Novel Method of Quantifying Cesium-rich Microparticles released from Fukushima Daiichi Nuclear Power Plant (FDNPP)

Release date: 2018.07.06


Research Results Physics & Chemistry Environment & Sustainability

During the Fukushima Daiichi nuclear disaster, the damaged reactors released not only volatile caesium but also the radioactive glassy particles, termed caesium-rich micro-particles (CsMPs). The particles are typically a few micron in diameter, scarcely dissolve in water, and have radioactive density as high as ~1011 Bq/g. Thus, the CsMPs cause a fear of long-term health risks to humans if inhaled; however, the amount and distribution of CsMPs in the contaminated environments remained uncertain.

Mr. Ryohei Ikehara (M2 student) and a team lead by Dr. Satoshi Utsunomiya of Department of Chemistry developed a new method to quantify the CsMPs in surface soils collected from the regions surrounding the FDNPP based on autoradiography, which we call “quantification of CsMPs (QCP)”. This is a result of international collaborative research with Tsukuba University, Tokyo Institute of Technology, University of Manchester, University of Nantes, and Stanford University.

In the QCP method, photo-stimulated luminescence (PSL) in autoradiography is linearly correlated to the radioactivity of various microparticles, with a regression coefficient of 0.0523 Bq/PSL/h. CsMPs were detected in soil sieved with a 114-μm mesh. There was no overlap between the radioactivities of CsMPs and clay particles adsorbing Cs (Fig. 1). Based on the distribution of radioactivity of CsMPs, the threshold radioactivity of CsMPs in the size fraction <114 μm was determined to be 0.06 Bq. The number and radioactivity fraction of CsMPs in four surface soils collected from the vicinity of the FDNPP were determined to be 48–318 particles/g and 8.53–31.8%, respectively (Fig. 2).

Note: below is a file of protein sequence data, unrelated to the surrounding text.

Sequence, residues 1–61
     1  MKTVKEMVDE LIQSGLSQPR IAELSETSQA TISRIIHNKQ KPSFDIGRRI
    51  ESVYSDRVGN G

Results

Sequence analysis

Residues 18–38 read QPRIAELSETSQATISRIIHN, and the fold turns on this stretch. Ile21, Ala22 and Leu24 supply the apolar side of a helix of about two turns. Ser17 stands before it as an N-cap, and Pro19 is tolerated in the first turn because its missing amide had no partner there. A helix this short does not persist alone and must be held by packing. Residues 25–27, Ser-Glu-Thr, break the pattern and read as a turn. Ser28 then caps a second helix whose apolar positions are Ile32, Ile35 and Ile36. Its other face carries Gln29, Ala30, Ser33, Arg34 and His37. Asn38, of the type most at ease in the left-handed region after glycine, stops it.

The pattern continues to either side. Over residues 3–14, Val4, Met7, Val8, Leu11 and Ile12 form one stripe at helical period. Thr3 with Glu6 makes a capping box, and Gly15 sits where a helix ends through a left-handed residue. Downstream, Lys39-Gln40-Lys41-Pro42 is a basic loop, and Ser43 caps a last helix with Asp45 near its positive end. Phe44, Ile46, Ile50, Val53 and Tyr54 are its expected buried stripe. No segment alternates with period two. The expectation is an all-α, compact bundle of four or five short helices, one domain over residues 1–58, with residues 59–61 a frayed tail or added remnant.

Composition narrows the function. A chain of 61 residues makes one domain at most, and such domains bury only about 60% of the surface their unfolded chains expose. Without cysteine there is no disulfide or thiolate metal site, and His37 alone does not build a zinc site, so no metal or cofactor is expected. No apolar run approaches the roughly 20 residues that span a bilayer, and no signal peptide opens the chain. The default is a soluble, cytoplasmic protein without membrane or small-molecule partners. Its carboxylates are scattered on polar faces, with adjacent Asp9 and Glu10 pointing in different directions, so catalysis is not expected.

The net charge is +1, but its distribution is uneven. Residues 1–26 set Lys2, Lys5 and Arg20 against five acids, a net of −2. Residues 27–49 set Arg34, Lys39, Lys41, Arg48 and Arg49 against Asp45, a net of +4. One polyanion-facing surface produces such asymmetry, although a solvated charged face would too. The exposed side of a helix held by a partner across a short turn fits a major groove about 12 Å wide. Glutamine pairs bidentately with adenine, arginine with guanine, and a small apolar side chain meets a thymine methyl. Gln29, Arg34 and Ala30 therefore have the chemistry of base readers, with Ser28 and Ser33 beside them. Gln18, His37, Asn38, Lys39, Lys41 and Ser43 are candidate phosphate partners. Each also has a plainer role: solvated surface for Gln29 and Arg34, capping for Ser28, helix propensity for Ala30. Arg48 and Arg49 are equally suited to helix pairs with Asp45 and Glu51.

“This novel method is critically important and can be used to quantitatively understand the distribution and migration of the highly radioactive CsMPs in near-surface environments surrounding the FDNPP” says Utsunomiya.

The paper, 'Novel Method of Quantifying Radioactive Cesium-Rich Microparticles (CsMPs) in the Environment from the Fukushima Daiichi Nuclear Power Plant' has been published in Environmental Science & Technology – DOI:10.1021/acs.est.7b06693

Figure 1.
Histogram of the CsMP and Cs-clay distributions for three size fractions. Large, medium, and small size fractions are >597, 114–597, and <114 μm, respectively.

Figure 2.
Autoradiography of the soil sieved with 114 μm mesh.
The pink arrows indicate the presence of CsMPs

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